Built To Last: A Conversation with Jerry Garcia
How in touch are you with the Deadheads themselves? Is there any interaction beyond getting onstage and playing?
Yeah, a certain amount. I donât have meetings with Deadheads on a regular basis, but people do talk to me, and people write to us endlessly. People make known what their feelings are. And also thereâs things like The Well, which is a computer network where lots of Deadhead discussion kind of stuff goes on, and you can always poke into it if you want to find out what people are saying. There also are people who are very concerned with what Deadheads say who are part of our scene who will report saying, âHey, look, theyâre saying thisâ or âtheyâre saying that.â But we operate on rumors and stuff just like everybody else does too, to a certain extent. But there is some dialogue on there.
A lot of people were happily surprised to hear you bring back âDeath Donât Have No Mercyâ this past weekend. How did that come about?
I remembered the song! ( laughs )
It wasnât spur-of-the moment obviouslyâŚ
No, we rehearsed it. You pretty much have to rehearse something if you havenât done it for a long time, at least go through it and say, âHereâs how it does.â And thatâs one of those tunesâitâs a good tune. Thereâs no reason not to do it.
The same can be said for a lot of other songs youâve dropped from your setsâŚ
Thatâs true, but some of them are not very performable. Some of them are very difficult to perform, or at least weird to perform, and some of them just donât work now. But some of them do. Weâll eventually find the ones that do and, you knowâŚ
Then thereâs the people that come to every show hoping for that elusive âDark Starâ or âSt. Stephenâ âŚ
Yeah, right. Well, eventually weâll play âem.
Are the rigors of constant touring taking more of a toll on you as you get older?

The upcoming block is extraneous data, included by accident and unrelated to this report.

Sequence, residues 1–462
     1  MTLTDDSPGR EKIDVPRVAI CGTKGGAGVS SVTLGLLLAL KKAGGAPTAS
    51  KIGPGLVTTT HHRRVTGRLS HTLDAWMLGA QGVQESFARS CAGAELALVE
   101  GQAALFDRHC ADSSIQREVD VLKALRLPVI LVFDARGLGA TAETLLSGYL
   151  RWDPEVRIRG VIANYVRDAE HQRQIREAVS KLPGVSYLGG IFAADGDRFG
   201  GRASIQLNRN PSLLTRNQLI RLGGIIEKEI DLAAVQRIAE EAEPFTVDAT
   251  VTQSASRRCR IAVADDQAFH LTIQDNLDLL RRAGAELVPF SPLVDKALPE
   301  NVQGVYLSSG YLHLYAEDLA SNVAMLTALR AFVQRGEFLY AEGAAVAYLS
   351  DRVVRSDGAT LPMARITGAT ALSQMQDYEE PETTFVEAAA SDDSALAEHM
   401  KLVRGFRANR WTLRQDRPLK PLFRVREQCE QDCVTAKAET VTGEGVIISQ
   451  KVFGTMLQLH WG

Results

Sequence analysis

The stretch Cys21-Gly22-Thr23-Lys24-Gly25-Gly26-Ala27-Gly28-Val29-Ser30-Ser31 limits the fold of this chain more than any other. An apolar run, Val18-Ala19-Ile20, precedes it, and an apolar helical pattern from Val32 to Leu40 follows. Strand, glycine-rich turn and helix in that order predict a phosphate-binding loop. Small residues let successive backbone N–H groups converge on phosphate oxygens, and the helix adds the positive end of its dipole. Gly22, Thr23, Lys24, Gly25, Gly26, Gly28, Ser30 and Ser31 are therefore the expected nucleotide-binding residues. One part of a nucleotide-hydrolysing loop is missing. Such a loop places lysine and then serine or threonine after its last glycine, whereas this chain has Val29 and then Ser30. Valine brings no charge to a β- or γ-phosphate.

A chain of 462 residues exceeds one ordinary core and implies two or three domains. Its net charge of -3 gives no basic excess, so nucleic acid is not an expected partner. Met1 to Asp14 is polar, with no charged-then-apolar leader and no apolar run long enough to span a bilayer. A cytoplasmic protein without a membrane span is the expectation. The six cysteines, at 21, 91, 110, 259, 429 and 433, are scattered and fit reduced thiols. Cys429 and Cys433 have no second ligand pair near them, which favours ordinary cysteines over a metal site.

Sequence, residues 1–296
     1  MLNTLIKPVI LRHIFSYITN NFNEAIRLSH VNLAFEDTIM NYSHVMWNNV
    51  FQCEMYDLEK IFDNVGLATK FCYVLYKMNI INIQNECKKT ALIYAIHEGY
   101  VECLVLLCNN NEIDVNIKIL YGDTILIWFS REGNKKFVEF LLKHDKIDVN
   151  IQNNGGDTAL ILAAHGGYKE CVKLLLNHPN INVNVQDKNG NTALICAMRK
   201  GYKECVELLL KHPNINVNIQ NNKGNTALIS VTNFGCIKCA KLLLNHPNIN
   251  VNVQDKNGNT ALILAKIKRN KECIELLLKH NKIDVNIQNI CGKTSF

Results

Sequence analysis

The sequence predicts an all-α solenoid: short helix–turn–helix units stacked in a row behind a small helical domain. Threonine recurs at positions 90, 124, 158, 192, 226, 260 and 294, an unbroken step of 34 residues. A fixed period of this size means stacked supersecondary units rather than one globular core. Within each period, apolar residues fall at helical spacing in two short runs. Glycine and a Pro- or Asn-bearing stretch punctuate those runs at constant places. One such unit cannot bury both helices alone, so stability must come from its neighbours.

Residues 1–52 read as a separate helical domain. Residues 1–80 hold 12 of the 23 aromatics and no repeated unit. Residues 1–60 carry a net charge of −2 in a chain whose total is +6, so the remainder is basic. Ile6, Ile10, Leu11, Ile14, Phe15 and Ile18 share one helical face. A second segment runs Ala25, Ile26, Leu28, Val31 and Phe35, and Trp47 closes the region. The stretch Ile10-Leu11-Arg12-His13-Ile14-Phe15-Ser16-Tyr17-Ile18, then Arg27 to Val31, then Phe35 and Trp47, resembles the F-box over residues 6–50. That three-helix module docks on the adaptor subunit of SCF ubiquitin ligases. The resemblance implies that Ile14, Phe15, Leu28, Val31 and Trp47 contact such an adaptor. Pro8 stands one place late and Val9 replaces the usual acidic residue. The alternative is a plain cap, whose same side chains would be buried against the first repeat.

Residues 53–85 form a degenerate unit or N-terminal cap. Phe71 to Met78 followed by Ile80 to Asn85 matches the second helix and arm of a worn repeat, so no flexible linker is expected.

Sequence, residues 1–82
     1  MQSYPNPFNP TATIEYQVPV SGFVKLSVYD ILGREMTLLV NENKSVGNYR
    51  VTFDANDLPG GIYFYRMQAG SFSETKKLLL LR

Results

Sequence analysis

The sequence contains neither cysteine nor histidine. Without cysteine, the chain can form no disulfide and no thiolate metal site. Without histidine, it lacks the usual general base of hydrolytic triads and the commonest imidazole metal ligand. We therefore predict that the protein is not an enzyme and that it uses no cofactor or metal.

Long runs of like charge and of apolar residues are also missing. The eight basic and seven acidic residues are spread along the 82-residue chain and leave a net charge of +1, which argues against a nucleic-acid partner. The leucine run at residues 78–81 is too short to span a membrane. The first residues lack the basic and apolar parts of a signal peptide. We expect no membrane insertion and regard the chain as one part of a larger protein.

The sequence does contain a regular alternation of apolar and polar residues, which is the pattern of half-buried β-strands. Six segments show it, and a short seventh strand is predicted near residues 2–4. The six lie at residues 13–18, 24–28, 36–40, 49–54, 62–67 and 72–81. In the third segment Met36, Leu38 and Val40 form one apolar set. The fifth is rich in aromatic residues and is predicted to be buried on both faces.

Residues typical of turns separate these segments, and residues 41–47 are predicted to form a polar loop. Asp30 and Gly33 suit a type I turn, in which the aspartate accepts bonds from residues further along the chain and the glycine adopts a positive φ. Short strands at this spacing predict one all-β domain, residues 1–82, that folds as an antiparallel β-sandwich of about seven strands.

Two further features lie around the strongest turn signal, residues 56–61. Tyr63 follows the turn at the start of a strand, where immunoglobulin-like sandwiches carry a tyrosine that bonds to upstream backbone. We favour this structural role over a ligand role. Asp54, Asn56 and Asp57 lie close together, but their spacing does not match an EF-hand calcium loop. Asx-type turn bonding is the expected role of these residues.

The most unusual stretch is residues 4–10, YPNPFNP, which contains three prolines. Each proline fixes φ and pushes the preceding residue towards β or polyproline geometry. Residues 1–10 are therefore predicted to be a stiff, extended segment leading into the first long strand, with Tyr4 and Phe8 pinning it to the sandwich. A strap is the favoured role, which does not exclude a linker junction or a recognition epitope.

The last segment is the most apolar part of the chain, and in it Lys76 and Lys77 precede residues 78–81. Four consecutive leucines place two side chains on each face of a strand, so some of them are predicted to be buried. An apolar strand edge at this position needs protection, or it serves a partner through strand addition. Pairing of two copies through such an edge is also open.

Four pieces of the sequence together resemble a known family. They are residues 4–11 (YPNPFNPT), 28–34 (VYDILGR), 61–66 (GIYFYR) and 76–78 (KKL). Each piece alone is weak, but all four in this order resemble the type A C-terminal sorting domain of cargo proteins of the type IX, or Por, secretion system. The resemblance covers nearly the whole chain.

No, itâs getting easier in some ways! And we also make every effort to make it as humane as possible, too. I mean weâve already done our tough tours. We had those during the â70s. Itâs pretty easy to survive it now.
Are you feeling healthy these days?
Yeah, pretty good.
Did you have to find substitutes to replace your previous habits?
Not really, no. Itâs kind of like when youâve had enough, youâve had enough, really. For me, it was one of those things that was not that difficult. It was easier than I thought it was going to be. On the other hand, I have no idea how much drug-taking or any of that had to do with my subsequent breakdown. But itâs ironic that after I cleaned up, then I broke down! ( laughs ) That was weird. It was like âHey, maybe I was better off on drugs! At least I wasnât dying!â But Iâm okay now.
I wanted to ask you what kind of music youâre currently listening to. Do you keep abreast of new things?
No, I donât keep abreast but I do listen to new stuff. Iâve been listening to some interesting music from Martinique, which is a French-speaking island, and this stuff is recorded in France. Itâs got some of that Afro-Cuban intensity, but some of that kind of Brazilian sophistication harmonically. Itâs something in between those two worlds. Itâs very engaging music, really pretty stuff, and also has a great drive. Other stuff, tooâthereâs some interesting African guitarists, a kind of finger-picking thing with African music thatâs interesting. I keep up with the bluegrass world some, and I kind of listen to whateverâs going on. I spend a lot of time going back and listening to stuff, too. I always go back and listen to Art Tatum and Django Reinhardt, and Milesâ [Davis] stuff I listen to all the way through, his whole career. John Coltrane. Ornette Coleman. Mostly itâs one of those things where you stumble from one thing to another, and somebody says, âHey, listen to this. This is really great.â Musicians turn you on to stuff.
The collaborations you did with Ornette on his last album were great. It was really a pleasure to hear you in that kind of settingâŚ
Well, itâs a trios thing. Rob Wasserman is doing a trios album. His last one was Duets. Now heâs doing a trios one, and he wants me to do a thing with Edie Brickwell. I would love to do it. It would be interesting and fun to do. I like to stay open for things like that. Iâm doing some stuff for Merl Saunders, and I did some stuff with Warren Zevon. You know, whenever these things come up, if the time is thereâI owe Country Joe McDonald a record, too. Iâm supposed to produce one of his records, and if I ever get the time Iâd love to do it. Iâd love to do more producing if I could. Time is the killer for me. Thereâs not enough time to do all the stuff I want to.
How do you relax when you have time off?
I go scuba-diving.
No, in Hawaii usually. Thatâs what I like to do.